Leadership is an ingrained quality. It’s a blend of charisma, bravery and confidence that allows certain people to take charge. Leading well requires more than just innate talent. Natural leadership is not the same thing as effective leadership.
So, how do you develop effective leadership? You work at it.
The right skillset builds your instinctive leadership from a personal characteristic into a powerful element. Such skills engender greater success across all aspects of life—from the workplace to home and into our most meaningful relationships.
Leadership is a skillset as much as a mindset. Effective leaders see, value and listen to those they attempt to lead. In a word, leaders believe that their people matter. When people feel they matter, they stomach discomfort when facing a new idea, task or awareness.
Make a conscious effort to improve your people skills. Take time to engage your people. Ask for input. Value responses. Be willing to let go of ownership in favor of collaboration.
Leaders may have the final word, but they need support for the execution. It isn’t automatic.
When your team isn’t behind you, it may be because they don’t have enough information. It is the leader’s responsibility to explore and obtain that missing information. Resistance is a warning that your direction is either misguided or poorly communicated.
A skilled leader conducts research and adjusts, while an ineffective leader forces a team through resistance.
Effective leadership is consensual. If you steamroll ahead without full consent, even if you do so enthusiastically, your followers may still show reluctance. You may possess more stamina and work ethic, but don’t simply lead through sheer willpower.
Want to be a more effective leader? Incorporate these skills:
When facing a situation, effective leaders actively complete responsibilities rather than sit back. Leaders solve problems and take risks.
This doesn’t mean abandoning all input or bullying through deadlock. It means that when a new direction is required, or additional input is necessary, a leader will offer it or request it. Leaders recognize forward direction and aren’t afraid to keep the pace lively.
Many leaders act “fiery.” Their energy, passion and determination serve them well personally, but this heat can repel others. This is why it’s so important that leaders possess a calming counter-trait (even if peace takes practice).
To keep the fire alive without scorching the foundation, you need to know when to take a moment and cool off.
Mindfulness and presence are essential attributes for leaders. Presence of mind acts as a coolant, encouraging engagement and collaboration. Effective leaders are approachable—even when running hot—and stop to listen to the needs of those around them.
This requires self-reflection. You never want to act frenetic and unhinged.
When the team does not respond to leadership, first look within. When the team engages and opens up to new ideas and direction, leadership is intact.
What are leaders listening for? Perspective. It boils down to walking a mile in someone else’s shoes. Once you see the world through the eyes of another, they more willingly see it through yours. You’ll lose loyalty if your team lacks a shared perspective. As any revered leader knows, loyalty is a key ingredient.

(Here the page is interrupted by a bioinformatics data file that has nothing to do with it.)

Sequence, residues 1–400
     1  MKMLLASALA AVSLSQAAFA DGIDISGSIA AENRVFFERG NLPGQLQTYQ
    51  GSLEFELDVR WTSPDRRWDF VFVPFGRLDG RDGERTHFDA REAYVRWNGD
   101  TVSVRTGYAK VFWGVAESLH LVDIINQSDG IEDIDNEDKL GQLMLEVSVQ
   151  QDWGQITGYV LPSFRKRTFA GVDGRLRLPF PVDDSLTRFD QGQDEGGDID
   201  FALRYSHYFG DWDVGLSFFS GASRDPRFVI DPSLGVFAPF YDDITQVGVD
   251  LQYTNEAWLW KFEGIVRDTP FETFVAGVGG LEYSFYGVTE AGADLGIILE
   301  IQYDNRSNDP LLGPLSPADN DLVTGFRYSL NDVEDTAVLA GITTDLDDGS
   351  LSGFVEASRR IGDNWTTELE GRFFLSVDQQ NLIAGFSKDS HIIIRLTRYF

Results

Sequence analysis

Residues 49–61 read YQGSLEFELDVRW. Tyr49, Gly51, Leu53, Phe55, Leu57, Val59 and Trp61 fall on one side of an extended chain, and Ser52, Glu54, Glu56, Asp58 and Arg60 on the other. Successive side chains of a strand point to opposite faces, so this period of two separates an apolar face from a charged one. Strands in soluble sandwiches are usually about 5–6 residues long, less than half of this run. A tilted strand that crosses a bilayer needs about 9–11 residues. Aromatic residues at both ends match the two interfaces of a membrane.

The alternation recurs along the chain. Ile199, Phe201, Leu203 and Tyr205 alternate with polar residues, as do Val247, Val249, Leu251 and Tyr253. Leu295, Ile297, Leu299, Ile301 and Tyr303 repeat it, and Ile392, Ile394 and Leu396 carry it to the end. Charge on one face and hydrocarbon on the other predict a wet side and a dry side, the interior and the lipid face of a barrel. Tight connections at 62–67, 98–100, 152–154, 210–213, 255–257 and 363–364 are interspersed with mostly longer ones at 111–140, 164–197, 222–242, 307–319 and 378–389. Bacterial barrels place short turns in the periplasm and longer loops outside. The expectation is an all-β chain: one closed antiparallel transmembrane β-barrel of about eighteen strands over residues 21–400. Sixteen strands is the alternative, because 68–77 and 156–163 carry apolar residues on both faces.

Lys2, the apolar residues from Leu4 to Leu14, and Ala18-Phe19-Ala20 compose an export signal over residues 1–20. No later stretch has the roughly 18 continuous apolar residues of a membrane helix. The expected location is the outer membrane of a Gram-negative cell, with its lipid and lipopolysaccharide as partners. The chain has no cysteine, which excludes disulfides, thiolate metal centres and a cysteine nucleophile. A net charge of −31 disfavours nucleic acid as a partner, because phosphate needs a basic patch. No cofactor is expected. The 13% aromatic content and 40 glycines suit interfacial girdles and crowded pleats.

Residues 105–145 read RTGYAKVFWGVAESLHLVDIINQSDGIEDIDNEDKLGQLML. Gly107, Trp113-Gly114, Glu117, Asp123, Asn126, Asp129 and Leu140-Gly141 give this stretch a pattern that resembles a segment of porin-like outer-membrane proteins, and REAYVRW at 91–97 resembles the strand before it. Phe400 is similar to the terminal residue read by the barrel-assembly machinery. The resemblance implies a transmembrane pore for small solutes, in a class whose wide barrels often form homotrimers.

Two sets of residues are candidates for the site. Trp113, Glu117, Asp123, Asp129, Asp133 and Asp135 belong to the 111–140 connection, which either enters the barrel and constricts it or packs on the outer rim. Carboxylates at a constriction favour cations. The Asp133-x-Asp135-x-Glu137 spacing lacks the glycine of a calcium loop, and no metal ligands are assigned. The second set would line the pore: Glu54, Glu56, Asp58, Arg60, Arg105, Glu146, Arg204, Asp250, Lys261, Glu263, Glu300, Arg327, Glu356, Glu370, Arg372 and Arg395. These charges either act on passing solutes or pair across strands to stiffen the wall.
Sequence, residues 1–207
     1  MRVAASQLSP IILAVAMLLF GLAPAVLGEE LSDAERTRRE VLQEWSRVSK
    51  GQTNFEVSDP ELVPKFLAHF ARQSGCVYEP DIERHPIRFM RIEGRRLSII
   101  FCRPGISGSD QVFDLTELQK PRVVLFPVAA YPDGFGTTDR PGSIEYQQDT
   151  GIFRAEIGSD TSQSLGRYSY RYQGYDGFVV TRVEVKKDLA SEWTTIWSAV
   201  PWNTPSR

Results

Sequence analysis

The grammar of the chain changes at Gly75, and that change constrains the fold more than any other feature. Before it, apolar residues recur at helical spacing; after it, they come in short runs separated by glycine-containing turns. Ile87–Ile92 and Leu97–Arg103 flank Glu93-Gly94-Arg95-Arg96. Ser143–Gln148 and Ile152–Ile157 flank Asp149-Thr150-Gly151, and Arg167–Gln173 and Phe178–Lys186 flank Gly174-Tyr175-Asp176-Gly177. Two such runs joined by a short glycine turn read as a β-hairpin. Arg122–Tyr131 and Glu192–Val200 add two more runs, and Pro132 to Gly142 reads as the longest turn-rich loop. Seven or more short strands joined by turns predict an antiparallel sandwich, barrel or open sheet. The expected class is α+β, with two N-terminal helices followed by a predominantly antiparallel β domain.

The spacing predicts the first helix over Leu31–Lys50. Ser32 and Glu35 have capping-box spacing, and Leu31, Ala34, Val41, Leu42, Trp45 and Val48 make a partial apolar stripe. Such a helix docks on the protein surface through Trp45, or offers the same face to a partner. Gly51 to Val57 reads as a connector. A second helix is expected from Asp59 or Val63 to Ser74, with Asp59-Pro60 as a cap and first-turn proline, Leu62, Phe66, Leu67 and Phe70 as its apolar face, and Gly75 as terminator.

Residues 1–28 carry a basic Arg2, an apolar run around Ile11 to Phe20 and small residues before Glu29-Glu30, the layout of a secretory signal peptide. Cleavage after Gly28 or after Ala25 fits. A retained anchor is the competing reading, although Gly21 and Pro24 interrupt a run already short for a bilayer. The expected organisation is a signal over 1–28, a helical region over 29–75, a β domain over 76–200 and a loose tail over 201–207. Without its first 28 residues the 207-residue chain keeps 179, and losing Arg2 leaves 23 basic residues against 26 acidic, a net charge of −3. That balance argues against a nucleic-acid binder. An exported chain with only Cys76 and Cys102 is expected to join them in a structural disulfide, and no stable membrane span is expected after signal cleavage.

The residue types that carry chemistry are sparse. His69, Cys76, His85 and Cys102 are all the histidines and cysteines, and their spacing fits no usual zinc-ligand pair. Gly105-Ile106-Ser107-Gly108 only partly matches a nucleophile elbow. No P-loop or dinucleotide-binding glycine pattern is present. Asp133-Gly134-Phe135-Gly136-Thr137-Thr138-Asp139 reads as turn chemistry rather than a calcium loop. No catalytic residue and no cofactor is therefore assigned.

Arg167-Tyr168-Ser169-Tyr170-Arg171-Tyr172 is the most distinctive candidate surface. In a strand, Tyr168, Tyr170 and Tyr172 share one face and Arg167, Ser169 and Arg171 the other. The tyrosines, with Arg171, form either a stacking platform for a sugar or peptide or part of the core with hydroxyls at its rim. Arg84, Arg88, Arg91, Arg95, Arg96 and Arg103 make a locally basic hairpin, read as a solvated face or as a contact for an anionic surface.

Show that you value your team’s perspective. Make sure you mean it. Lip service does not engender loyalty.
Associates need to know and consent to the purpose in order to be expected to follow.
What are the goals and why? How will the team act in furtherance of those goals?
The “why” behind your organization’s activities needs to be thoughtfully delineated and transparent—it requires communication. If the leader does so effectively, others are likely to follow. Once a leader achieves consent, he or she removes most of the barriers to leading effectively.
Leadership is one rung on the ladder of interconnection. It may be the top rung, but it has no value on its own. People are more dependable when they feel connected to the people they work with.
Effective leaders foster a sense of oneness. Ineffective leaders tend to alienate. Is your team connected? Are you connected to them?
If there is uncertainty—or the distinct absence of connection—then you need deeper self-reflection. Leaders who look to their people for help, rather than look down at them, are well on their way to forming a unifying connection.
If the connection exists, it’s obvious. If there is chaos or confusion, the leader needs to go back and reexamine their skillset.
Is the leader present, listening, gathering perspective and listening to resistance? Like all skills, leadership requires constant work.
The payoff? With effective leadership, a team catapults forward and achieves unparalleled heights.
Carrie is a therapist and licensed attorney in Connecticut with a specialization in divorce mediation and parenting plans. She also runs CT Relational Therapy, LLC and holds a Master's Degree from Fairfield University.
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